Question 10: What qualifications do your guides have?

Answer: Our guides have a government-issued approval that is only given after an extensive background check, and allows them the ability to work with children. Guides also have a Senior First Aid and CPR certification and government-issued Driver's Authority if they are driving a vehicle. Many of our educational adventures guides have higher degrees in environmental science, marine biology or experiential education, and there is one thing which unites them: a love for teaching young people about the outdoors.

Educational Outcomes for Queensland Biology Camp

Australian National Curriculum – Science

While this student excursion to North Queensland caters to Year 11 & 12 biology students (Biodiversity and the Interconnectedness of Life), its delivery can be tailored to science students in junior years studying the Australian National Curriculum.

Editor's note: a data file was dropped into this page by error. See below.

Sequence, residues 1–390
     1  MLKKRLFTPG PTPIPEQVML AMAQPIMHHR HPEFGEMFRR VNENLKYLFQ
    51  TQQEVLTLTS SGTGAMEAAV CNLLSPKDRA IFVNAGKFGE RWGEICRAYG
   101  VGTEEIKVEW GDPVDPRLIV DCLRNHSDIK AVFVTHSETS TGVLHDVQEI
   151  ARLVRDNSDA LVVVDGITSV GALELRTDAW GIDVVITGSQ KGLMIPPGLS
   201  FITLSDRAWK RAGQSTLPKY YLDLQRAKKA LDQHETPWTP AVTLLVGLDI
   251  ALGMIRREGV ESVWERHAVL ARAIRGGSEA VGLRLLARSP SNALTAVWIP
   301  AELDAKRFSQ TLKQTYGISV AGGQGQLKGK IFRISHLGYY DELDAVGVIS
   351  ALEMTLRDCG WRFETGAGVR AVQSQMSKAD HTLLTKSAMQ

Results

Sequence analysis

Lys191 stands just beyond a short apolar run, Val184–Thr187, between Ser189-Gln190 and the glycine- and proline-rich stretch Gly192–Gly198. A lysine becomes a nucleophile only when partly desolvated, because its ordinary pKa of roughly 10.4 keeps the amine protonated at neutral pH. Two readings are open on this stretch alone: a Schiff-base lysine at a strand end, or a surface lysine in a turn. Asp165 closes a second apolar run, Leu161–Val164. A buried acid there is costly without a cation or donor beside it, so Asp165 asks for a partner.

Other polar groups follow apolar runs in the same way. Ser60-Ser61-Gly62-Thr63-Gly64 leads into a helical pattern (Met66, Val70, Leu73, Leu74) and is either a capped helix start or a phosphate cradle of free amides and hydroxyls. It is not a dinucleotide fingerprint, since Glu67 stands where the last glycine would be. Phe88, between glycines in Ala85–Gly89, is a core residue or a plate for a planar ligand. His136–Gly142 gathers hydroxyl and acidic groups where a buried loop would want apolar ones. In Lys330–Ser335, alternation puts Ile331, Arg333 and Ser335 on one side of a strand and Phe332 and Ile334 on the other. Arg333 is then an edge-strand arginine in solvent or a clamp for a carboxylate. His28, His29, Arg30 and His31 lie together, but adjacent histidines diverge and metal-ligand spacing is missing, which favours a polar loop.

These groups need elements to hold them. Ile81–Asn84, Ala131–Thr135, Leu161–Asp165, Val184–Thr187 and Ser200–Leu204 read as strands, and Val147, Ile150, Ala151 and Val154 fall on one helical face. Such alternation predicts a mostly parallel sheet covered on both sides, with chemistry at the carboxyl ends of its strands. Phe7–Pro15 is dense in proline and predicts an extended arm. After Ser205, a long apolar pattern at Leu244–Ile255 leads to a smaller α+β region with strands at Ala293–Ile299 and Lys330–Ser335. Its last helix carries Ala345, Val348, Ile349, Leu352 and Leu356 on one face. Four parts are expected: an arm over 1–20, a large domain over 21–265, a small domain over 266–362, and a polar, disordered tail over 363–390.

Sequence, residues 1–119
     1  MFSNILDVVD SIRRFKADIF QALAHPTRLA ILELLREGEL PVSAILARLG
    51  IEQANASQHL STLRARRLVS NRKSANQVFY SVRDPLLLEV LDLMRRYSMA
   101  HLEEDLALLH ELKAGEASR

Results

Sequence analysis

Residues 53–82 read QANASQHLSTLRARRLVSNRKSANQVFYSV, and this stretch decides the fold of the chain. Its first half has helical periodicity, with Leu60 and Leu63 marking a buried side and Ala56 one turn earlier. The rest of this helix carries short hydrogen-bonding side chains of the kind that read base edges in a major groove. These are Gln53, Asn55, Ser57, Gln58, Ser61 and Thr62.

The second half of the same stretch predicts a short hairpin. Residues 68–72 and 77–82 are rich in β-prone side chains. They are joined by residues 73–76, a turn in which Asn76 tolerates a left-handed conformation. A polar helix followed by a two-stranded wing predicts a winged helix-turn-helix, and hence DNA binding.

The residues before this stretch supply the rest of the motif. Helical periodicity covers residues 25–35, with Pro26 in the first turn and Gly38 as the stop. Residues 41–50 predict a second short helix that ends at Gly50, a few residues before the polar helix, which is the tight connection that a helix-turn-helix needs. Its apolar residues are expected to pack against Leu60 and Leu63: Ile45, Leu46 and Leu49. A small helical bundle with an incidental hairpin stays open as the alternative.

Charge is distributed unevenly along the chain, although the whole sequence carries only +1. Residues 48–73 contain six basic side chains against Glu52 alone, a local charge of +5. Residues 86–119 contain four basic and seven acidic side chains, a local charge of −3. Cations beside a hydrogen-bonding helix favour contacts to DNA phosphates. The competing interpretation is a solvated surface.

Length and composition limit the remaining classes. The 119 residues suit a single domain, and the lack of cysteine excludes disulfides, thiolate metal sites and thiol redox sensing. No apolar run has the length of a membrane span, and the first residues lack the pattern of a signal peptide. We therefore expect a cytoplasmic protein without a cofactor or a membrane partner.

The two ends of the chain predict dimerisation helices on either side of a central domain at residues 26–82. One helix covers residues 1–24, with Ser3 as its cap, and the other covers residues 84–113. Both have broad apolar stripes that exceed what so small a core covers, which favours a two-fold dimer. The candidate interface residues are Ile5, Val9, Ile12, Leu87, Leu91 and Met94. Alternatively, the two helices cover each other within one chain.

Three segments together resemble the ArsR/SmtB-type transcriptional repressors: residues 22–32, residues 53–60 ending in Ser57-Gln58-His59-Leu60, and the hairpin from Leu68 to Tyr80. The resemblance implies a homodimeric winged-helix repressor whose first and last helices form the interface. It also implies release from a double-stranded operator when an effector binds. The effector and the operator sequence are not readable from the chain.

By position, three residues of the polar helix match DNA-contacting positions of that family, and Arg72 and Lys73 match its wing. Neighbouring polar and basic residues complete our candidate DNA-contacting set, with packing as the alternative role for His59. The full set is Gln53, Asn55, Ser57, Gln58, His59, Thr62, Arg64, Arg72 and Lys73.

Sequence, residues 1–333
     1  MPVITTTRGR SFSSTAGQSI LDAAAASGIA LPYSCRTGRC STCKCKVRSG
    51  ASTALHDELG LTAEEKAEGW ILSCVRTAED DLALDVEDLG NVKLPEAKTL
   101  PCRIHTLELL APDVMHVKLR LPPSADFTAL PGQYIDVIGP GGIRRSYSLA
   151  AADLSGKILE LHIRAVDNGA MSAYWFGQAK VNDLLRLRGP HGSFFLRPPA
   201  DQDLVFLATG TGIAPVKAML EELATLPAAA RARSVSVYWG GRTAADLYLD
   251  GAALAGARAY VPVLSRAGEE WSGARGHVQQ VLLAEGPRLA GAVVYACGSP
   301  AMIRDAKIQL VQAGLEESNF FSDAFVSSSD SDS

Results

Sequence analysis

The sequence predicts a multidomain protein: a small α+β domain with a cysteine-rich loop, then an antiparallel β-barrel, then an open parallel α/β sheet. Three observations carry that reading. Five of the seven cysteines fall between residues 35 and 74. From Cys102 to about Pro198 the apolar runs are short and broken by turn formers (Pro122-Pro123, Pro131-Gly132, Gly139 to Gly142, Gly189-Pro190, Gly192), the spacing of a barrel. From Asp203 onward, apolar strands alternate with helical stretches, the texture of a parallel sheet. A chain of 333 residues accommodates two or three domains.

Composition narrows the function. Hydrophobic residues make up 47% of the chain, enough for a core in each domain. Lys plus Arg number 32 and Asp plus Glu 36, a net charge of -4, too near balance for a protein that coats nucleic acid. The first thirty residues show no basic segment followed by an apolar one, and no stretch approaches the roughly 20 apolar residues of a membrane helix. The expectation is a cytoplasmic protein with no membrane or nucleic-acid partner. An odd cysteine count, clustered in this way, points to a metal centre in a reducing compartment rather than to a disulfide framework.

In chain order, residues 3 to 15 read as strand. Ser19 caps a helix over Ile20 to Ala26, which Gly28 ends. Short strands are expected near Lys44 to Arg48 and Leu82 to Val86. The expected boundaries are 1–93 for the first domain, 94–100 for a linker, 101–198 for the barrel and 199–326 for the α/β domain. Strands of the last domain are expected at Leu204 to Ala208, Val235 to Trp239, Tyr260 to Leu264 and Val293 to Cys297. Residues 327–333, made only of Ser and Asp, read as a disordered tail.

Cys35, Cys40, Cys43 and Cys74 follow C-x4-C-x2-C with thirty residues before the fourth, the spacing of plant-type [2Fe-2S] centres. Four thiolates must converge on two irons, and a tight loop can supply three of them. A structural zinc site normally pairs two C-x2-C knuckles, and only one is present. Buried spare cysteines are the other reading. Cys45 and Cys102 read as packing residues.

Students will be involved with extensive field work, data collection, measurements, analysis, and enquiry.  Activities and lectures are designed to inspire discussion and debate, including a real-life debate on a controversial local issue.

On this biology camp, teachers can tick all of the curriculum boxes, so to speak, on the list below.

Years 11 & 12 Senior Biology Unit 1: Biodiversity and the Interconnectedness of Life

Science Inquiry Skills

  • ACSBL003 Conduct investigations, including using ecosystem surveying techniques, safely, competently and methodically for the collection of valid and reliable data
  • ACSBL006 Select, construct and use appropriate representations, including classification keys, food webs and biomass pyramids, to communicate conceptual understanding, solve problems and make predictions